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Reviewed: She Left Me the Gun - My Mother’s Life Before Me by Emma Brockes

Tangled roots.

She Left Me the Gun: My Mother’s Life Before Me
Emma Brockes
Faber & Faber, 304pp, £16.99

Emma Brockes describes She Left Me the Gun as an “anti-misery memoir”. The early life of her mother, Paula, in South Africa was unquestionably grim and Brockes has set herself the laudable challenge of telling that story “in a way that was in keeping with my mother’s delight at the world”.

Paula’s father, Jimmy, was a convicted murderer, a violent alcoholic and an incestuous paedophile. When Paula was in her mid-twenties, she had him arrested for domestic abuse. The case was brought to trial at the Johannesburg high court in 1958. Despite testimony from several of his eight children and medical evidence that the 12-year-old had been raped, Jimmy was found not guilty. The presiding judge was Justice Quartus de Wet – the man who would later sentence Nelson Mandela to life imprisonment on Robben Island. What makes Paula’s story even more remarkable is that Brockes knew nothing about it until just before her mother’s death from cancer, in 2003.

She Left Me the Gun is a triumph for three reasons. The first is the voice. Brockes is often very funny. Recalling how it pleased her mother “to be at a slight angle to the culture” in England, she observes that this is “the standard expat consolation: in my case – a British person in New York – looking around and thinking, ‘You people have no idea about the true nature of reality when you don’t know what an Eccles cake is or how to get to Watford.’” Crucially, she achieves her ambition of writing about the most painful of subjects without resorting to the tropes of misery memoir or therapy.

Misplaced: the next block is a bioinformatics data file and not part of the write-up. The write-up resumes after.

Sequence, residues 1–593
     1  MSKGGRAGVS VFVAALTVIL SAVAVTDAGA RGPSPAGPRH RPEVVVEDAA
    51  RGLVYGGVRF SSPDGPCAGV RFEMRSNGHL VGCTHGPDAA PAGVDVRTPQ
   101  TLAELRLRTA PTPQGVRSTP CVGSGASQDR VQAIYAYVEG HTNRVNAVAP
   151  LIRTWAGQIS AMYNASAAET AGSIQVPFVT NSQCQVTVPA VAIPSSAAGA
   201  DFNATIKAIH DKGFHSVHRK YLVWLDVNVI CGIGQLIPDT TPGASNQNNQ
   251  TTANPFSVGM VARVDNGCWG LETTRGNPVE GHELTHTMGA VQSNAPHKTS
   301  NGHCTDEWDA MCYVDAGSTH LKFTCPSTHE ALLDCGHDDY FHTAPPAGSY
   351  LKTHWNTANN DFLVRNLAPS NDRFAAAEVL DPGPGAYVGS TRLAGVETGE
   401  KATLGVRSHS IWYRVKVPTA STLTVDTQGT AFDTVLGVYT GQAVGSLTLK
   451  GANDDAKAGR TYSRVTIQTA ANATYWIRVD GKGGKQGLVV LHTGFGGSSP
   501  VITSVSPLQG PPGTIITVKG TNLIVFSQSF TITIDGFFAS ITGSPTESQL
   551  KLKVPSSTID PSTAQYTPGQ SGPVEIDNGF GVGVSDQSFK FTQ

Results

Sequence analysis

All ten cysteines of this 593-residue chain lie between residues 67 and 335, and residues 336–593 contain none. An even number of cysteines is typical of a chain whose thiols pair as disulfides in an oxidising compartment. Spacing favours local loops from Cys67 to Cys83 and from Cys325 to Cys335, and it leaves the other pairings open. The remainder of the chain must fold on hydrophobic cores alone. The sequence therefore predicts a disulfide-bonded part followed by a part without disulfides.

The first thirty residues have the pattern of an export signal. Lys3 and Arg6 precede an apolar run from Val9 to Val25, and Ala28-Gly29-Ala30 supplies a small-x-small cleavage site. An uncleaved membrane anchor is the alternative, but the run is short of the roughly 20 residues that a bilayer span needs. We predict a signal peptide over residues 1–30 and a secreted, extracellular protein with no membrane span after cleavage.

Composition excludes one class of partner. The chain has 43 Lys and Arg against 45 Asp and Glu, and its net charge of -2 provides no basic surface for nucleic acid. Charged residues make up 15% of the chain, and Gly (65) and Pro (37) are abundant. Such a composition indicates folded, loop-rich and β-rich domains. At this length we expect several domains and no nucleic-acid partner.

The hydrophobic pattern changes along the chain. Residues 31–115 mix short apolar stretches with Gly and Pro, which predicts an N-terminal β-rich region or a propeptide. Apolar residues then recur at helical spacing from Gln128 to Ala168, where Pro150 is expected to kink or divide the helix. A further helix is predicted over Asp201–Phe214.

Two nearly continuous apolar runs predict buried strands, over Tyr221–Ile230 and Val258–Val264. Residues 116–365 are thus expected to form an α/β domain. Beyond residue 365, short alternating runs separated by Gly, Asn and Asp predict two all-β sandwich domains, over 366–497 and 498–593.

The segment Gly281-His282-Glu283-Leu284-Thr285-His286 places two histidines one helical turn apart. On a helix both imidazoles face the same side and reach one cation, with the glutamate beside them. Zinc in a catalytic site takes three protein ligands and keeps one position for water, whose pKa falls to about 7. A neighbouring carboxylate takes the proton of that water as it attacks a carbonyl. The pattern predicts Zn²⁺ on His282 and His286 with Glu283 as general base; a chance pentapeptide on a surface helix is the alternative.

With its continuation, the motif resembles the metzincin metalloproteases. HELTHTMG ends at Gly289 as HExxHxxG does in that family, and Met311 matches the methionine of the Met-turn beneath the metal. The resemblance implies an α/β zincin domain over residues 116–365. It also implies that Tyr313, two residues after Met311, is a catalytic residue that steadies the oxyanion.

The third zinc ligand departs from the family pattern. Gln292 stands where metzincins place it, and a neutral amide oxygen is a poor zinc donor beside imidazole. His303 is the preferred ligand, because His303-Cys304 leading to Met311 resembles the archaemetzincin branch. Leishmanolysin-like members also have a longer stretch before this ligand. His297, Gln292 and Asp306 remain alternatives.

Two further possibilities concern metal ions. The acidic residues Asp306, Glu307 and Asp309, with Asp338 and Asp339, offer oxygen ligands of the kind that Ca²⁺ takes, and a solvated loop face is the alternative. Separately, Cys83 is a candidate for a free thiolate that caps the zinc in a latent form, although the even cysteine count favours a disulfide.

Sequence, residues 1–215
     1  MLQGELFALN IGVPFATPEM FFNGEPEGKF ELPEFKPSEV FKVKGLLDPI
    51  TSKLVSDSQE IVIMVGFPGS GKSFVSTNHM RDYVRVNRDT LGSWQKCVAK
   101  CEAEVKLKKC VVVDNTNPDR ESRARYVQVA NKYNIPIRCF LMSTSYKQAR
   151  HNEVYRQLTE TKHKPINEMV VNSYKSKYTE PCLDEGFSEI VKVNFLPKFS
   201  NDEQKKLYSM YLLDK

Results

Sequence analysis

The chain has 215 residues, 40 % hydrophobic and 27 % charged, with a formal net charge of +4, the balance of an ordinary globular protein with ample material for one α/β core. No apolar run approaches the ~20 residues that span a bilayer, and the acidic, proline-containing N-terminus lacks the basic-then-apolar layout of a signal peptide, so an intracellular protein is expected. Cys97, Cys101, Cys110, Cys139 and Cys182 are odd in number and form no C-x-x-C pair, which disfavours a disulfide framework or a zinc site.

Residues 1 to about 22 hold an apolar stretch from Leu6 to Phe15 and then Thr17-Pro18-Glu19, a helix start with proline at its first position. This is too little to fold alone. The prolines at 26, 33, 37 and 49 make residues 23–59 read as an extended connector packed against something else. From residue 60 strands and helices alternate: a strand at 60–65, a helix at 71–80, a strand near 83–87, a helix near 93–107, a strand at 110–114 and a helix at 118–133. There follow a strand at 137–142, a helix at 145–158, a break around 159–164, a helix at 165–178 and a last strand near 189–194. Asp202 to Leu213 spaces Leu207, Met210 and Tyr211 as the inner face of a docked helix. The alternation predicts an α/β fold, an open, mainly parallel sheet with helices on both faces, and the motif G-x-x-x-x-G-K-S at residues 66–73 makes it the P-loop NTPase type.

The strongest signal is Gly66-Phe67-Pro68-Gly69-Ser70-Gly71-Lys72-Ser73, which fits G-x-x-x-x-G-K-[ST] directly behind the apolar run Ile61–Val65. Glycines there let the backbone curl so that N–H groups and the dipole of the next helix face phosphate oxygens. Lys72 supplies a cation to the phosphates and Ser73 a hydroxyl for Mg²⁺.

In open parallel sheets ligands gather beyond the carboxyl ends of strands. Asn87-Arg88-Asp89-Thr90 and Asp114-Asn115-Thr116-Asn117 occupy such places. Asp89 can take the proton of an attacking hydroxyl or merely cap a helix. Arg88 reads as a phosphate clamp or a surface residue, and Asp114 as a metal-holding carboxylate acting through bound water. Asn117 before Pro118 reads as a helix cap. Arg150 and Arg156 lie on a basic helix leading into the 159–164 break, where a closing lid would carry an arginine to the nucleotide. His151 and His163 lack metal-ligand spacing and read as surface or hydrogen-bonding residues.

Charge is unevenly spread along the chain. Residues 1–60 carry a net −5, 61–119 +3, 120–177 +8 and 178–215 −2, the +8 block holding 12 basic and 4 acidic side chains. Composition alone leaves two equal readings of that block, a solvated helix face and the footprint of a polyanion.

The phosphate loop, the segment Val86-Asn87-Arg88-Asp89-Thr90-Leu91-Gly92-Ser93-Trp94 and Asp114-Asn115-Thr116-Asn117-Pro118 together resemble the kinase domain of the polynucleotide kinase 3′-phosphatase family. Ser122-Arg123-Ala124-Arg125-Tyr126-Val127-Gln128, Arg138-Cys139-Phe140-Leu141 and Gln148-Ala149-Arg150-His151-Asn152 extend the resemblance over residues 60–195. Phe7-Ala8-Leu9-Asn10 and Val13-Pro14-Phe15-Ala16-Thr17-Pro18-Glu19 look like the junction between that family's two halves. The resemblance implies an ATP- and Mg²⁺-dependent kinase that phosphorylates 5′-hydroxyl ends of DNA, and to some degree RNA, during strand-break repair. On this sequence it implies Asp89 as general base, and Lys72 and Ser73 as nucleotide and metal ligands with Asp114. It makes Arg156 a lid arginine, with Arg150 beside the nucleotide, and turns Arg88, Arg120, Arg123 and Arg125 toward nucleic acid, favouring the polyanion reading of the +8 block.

Then there is the material itself – not just the story of Paula’s childhood but that of the lives of her extraordinary siblings. When Brockes visits her alcoholic, born-again uncle Tony, he suggests that they chat over drinks at a casino. On the way in, he issues a warning: “If I ever catch you in here, I’ll beat you up.” He then proceeds to display an exceptional memory of the details of his impoverished childhood. Brockes notes everything down, a deep-sea archaeologist retrieving her murky treasures.

“Every now and then a plague of fleas would sweep through the house, and the cat would be blamed,” remembers Tony. “One day, the old man grabbed our cat and dropped it down the long drop [the toilet]. Mom sent John and me to get it out. We took the axe and cut down a tree with a long branch. We lowered the branch down and the cat shot up it, scattering shit, and it never came back.”

Finally, there is Brockes’s fearlessness and her resistance to glib interpretation of facts that are often tantalisingly opaque. She is unafraid to report one abused sister suggesting that another, unmolested sister was jealous not to be “chosen”. Paula’s stepmother appears to have been the reason the case fell through: at the last minute, she changed her story. For Paula, this was a terrible betrayal. The stepmother (with whom Paula corresponded for the rest of her life, addressing her as “Mum”) sent Paula a letter shortly after she emigrated. Amazingly, it was written on the back of a photograph – a photograph of Paula with Jimmy, the man who had raped her regularly throughout her childhood and adolescence.

Brockes reports all of this without trying to explain it. She understands that she can’t; that however much research you do, some things will always remain unknowable. It is the intelligence and the honesty of this restraint that make the book so powerful.

This article first appeared in the 12 April 2013 issue of the New Statesman, Centenary Special Issue